• Want to keep participants' comments separate from the texts themselves. So that it's clear what we're reaching consensus on - not a sprawling open-ended debate. Introducing limitation forces issue of consent/sus to arise.

16 Jan

Thesis time! Terror! Headspace...So. Narrowed down my technical focus to consensus processes for collaborative document editing. Have excluded earlier interests in aggregation, hosting etc in an attempt to avoid the tunnel of doom. Michael convinced me that spending some time prototyping with wikis would be a good idea. Their functionality plus the history/practice of their communities gives a nice correlation of theory + practice.

SO. My topic of thesistic exploration will be the tricky border where 'consent' meets 'consensus'. ('consent' = agreement of an individual; 'consensus' = agreement of the group.) The aim is to critique the way that consent is encoded in:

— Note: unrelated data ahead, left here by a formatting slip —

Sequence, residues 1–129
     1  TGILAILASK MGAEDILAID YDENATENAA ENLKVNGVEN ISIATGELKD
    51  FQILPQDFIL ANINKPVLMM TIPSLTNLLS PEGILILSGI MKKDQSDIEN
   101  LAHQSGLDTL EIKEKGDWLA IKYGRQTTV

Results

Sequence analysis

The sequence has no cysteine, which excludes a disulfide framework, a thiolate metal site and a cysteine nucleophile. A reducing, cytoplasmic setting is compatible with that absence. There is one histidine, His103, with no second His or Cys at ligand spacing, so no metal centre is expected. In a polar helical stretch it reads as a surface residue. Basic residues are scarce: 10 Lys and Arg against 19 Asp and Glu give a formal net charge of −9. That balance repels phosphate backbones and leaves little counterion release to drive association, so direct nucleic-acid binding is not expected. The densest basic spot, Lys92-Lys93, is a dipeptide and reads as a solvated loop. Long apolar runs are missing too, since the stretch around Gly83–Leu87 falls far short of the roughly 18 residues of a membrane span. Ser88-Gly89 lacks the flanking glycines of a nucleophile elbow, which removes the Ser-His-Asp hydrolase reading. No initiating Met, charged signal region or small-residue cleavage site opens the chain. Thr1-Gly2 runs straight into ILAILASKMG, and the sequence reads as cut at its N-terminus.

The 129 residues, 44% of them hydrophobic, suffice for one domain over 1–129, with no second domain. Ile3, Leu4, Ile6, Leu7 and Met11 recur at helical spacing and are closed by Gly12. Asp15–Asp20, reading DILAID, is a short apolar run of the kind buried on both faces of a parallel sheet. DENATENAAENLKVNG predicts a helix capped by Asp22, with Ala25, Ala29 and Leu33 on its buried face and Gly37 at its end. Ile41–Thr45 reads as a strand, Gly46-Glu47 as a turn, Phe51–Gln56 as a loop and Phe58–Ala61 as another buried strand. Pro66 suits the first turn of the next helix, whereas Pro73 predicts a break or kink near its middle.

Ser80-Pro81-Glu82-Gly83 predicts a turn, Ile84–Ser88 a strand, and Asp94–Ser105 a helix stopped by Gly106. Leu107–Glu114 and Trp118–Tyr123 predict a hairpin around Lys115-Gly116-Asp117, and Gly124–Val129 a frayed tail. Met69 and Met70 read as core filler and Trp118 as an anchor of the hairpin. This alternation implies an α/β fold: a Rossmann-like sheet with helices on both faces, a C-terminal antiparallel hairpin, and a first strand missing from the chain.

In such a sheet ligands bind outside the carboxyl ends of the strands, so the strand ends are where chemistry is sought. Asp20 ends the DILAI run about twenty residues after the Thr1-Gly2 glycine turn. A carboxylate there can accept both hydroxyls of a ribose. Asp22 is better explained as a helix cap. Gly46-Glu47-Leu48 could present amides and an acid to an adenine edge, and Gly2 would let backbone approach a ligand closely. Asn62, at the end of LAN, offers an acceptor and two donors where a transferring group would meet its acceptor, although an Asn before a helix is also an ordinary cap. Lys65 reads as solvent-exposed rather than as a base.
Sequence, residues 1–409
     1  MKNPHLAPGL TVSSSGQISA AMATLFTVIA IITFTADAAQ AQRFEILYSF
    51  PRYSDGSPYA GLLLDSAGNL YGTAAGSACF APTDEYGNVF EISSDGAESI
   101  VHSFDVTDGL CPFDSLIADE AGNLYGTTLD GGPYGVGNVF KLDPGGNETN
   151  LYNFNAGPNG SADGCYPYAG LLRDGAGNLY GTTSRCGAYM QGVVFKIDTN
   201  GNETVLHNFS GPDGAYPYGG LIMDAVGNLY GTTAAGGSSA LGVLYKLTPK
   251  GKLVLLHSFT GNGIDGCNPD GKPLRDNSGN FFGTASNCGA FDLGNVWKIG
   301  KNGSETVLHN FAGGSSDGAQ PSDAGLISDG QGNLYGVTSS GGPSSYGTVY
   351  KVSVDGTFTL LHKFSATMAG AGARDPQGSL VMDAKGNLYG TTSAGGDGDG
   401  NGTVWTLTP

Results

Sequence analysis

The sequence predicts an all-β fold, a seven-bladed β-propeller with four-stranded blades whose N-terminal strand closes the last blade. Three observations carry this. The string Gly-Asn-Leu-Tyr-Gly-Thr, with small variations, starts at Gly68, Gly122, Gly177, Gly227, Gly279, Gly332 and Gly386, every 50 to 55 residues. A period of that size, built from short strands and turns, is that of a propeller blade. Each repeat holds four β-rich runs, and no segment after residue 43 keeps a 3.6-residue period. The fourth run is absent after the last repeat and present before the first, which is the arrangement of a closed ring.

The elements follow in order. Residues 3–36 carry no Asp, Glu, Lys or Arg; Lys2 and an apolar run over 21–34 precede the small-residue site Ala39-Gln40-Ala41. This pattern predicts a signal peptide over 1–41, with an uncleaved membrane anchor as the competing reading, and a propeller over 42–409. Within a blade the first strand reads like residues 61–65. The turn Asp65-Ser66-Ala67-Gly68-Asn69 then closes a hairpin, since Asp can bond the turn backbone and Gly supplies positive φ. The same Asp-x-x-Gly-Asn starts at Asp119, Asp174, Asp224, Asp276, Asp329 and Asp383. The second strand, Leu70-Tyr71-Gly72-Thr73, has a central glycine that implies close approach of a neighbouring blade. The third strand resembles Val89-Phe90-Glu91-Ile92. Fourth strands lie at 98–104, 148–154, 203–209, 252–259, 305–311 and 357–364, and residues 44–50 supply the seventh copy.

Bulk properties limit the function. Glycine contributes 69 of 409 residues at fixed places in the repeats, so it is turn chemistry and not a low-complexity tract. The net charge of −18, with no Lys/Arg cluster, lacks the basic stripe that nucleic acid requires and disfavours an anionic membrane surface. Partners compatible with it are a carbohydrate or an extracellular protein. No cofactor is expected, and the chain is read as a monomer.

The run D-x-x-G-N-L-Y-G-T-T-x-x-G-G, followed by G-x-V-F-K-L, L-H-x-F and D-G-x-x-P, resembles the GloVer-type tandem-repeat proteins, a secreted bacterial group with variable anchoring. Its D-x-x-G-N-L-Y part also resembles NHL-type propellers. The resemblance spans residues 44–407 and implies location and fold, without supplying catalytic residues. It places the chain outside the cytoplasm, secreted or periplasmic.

1. Dominant consensus practices, and thus
  2. Collaboration systems encoding these practices (Eg wikipedia).

The critique will be made using feminist theories of consent. I will argue that:

  1. The rhetoric/ideal of consensus often masks the ambivalence and compromise experienced by the individuals 'giving' consent.
  2. Accepting this ambivalence/not-consensus is ok and beautiful and a powerful ethical position.

Here is the outline, with research objects in << >> brackets:

  • Introduction
    • Demise of hierarchical editorial power online raises question of how to edit collaboratively.
    • 'Consensus' is a popular model used by projects like Wikipedia et al, encoding the popular activist approach to organizing.
    • Question: how consensual are these consensus systems? What is lost in the quest for consensus and who loses out?
    • Argument: interrogating consent at a low level gives tools for evaluating how consensual 'consensus' process are. Feminists give us these tools.
  • Summary of the concepts of 'consent' as opposed to 'consensus'.
    • Trace the the source of 'consensus' process in Western leftwing projects